It's official: The Rocky Horror Show is returning to the Athenaeum Theatre in 2024. The 50th anniversary tour will continue its celebration of the rock 'n' roll musical starring Jason Donovan as Frank-N-Furter and Joel Creasey as the Narrator from February 9 until March 10. You can book tickets online via the website here.
You can read our review of the production from 2023 below.
“It’s astounding; time is fleeting…” so go the opening lines of ‘Time Warp’, the instantly recognisable number from Richard O’Brien’s still exhilaratingly transgressive rock musical-turned-movie The Rocky Horror Show.
My brain can’t quite compute that we’ve been jumping to the left and stepping to the right with our hands on our hips and our knees in tight for 50 years now – five of which spun out before I was even born. An entire half century has passed since newly engaged naïve young things Brad (a perma-perky Ethan Jones, fresh from 9 to 5 the Musical) and Janet (Deirdre Khoo, Once, adorable) bust a tire and tread unwittingly into dastardly Dr Frank-N-Furter’s creepy castle, burning bright in the velvet darkness.
Former Neighbours star Jason Donovan pops the song’s pelvic thrust as he steps back into Frank’s high heels once more, plus a leather corset and stockings as the renegade Frank, the mad scientist from the planet Transexual who, in just seven days, can make himself a ma-aaaaaa-aaaaan.
Here the marbled, Charles Atlas-like test tube perfection Rocky is portrayed with wide-eyed innocence by Jamaican-born dancer and choreographer Loredo Malcolm, whose stitch-like tattoos fittingly call to mind Frankenstein’s Monster from gothic author Mary Shelley’s sci-fi horror urtext. It’s just a shame that Frank’s quest for bodily perfection has cast off both loyal servant Columbia (Darcey Eagle) and her ex Eddie (Ellis Dolan, better when depicting Frank’s older UFO-investigating nemesis Dr Scott).
With a gender and sexuality blurring appetite as big as Frank’s, still pushing buttons all these years later, it’s only a matter of time before Brad and Janet’s eyes are opened to unimaginable pleasures. It’s just a shame, for them, that this sets off a chain reaction of jealous betrayal that spirals out of control and into an unfortunate body count via a still oddly emotional denouement worthy of a Shakespearean tragedy – except it's fun!
Chances are you’ve seen Jim Sharman’s 1975 movie, which carried over the irrepressible Tim Curry as Frank, Nell Campbell as Columbia plus Richard O’Brien and Patricia Quinn as Frank’s faithful to a point servants Riff Raff and Magenta (Henry Rollo and Stellar Perry here) from the original 1973 stage production. Heck, if you’re into musical theatre, you’ve probably seen the show a few times since then, too, perhaps even with Donovan in charge. So how does director Christopher Luscombe’s 50th-anniversary production measure up?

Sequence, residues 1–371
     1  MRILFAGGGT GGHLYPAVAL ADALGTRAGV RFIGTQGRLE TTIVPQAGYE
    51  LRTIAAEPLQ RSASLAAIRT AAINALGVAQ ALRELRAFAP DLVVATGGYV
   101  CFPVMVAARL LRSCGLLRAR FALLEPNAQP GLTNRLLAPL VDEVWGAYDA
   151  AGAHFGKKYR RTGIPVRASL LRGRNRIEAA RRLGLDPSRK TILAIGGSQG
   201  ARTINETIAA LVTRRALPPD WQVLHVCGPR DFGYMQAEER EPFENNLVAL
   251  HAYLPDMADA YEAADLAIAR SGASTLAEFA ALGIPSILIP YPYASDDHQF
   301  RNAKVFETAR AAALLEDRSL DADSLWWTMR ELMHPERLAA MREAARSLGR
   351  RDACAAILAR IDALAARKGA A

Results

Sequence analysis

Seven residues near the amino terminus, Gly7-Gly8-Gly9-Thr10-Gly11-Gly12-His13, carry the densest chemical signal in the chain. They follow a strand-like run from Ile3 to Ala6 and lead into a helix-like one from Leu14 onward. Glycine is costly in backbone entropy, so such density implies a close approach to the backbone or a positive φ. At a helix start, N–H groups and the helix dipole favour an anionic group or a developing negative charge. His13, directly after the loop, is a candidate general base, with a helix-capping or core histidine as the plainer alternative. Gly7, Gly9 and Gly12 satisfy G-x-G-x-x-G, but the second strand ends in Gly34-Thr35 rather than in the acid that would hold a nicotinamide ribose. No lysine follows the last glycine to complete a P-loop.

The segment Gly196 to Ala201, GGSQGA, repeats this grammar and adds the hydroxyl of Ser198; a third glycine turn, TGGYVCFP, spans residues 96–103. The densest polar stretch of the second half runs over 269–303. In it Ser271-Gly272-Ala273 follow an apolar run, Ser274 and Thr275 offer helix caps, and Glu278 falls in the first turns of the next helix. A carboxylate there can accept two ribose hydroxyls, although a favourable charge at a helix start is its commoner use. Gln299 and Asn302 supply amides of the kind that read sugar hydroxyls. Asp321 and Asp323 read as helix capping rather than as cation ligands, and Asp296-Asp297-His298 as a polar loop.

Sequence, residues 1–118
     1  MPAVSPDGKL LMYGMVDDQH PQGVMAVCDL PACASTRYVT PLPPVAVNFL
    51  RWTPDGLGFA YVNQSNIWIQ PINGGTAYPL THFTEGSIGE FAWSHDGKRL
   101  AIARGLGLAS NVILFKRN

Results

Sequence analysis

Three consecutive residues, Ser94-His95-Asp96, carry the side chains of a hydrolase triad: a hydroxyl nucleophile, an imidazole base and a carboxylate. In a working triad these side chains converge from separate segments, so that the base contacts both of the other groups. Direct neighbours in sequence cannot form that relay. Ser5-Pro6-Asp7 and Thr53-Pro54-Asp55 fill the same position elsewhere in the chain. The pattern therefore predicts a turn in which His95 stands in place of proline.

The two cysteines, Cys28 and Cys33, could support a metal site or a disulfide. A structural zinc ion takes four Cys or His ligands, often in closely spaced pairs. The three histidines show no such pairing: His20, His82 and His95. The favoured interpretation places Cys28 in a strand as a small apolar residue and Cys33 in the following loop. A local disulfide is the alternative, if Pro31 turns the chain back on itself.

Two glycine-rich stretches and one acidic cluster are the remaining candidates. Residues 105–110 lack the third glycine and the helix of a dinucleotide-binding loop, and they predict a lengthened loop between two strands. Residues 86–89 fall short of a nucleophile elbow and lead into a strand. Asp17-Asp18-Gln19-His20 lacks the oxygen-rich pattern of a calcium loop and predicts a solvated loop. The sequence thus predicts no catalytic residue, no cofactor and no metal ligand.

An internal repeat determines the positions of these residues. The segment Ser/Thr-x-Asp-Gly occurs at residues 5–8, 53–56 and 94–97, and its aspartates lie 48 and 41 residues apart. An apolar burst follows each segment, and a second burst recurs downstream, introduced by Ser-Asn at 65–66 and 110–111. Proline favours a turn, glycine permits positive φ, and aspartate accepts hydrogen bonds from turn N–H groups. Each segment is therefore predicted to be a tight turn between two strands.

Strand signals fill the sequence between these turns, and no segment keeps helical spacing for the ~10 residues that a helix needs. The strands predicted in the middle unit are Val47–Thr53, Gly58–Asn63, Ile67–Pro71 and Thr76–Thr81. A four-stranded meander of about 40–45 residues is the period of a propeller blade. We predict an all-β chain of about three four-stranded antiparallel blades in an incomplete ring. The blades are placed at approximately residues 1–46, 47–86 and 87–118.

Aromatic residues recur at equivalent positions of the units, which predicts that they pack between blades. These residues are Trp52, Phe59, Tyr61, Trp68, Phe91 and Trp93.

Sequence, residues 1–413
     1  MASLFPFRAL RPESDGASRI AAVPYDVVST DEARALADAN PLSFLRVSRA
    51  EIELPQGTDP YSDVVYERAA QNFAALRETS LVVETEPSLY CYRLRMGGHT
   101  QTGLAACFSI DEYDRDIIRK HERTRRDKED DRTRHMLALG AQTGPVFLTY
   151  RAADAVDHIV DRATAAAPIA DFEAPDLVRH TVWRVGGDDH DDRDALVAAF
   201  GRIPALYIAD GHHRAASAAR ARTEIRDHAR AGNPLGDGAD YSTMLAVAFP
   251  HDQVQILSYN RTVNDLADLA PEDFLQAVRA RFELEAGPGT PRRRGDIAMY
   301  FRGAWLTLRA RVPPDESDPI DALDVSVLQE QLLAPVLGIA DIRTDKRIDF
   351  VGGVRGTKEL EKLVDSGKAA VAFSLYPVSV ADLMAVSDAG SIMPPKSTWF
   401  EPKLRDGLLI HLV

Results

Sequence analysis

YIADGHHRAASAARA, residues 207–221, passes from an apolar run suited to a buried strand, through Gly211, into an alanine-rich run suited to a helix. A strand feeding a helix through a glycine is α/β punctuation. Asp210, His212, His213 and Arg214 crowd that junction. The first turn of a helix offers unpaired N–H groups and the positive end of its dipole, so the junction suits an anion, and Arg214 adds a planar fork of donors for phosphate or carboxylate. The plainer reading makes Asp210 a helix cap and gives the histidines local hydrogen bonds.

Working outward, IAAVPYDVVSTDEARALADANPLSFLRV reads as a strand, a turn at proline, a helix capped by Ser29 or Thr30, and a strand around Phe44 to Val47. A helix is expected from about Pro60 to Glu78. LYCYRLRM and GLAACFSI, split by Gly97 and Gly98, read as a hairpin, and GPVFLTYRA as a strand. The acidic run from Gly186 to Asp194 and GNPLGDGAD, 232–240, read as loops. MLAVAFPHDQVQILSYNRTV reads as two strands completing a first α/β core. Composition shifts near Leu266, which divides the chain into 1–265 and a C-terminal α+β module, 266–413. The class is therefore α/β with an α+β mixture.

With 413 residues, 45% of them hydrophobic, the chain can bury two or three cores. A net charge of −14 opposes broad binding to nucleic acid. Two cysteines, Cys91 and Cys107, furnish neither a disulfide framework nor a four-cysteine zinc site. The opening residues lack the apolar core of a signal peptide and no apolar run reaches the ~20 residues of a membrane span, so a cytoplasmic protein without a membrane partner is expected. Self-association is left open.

There are great elements and those that don’t quite sing. Donovan is a more laid-back Frank than Curry – honestly, aren’t they all? – but what he lacks in Curry’s confusingly sexy chaos energy appeal, he adds in a lasciviously lizard-like tongue action that’s admittedly disconcerting. Jones and Khoo have a hoot surrendering to Frank’s wicked ways in their infamous bedroom dalliances. Malcolm brings a sparkly pep to Rocky’s seven-hour-old existence, and Rollo rocks Riff Raff’s otherworldly manoeuvres. The rest of the ensemble is enjoyable enough, if not stand-out. Myf Warhrust, a national living treasure, hasn’t quite settled into the role of narrator as yet.
They all nail choreographer Nathan M Wright’s toe-tapping dance numbers, co-corralled by musical director Jack Earle’s sadly off-stage band, particularly in a dazzling climax set ablaze by lighting designer Nick Richings. Perhaps the biggest disappointment here is Hugh Durrant’s somewhat perfunctory set that’s more amateur dramatic panto than, say, the much more inventive use of the admittedly dinky Athenaeum stage deployed recently by Cruel Intentions.
Maybe the parts, stitched like Frank’s laboratory meddling, don’t quite add up to the necessary pizzazz required of a 50th-anniversary outing of a show that’s never very far from our stages. Still the reality is, O’Brien’s timelessly saucy wit and sassy songs will have you hip-thrusting in the aisles after two hours regardless, “In another dimension, with voyeuristic intention… that really drives you insa-aaa-aaaa-aaane.”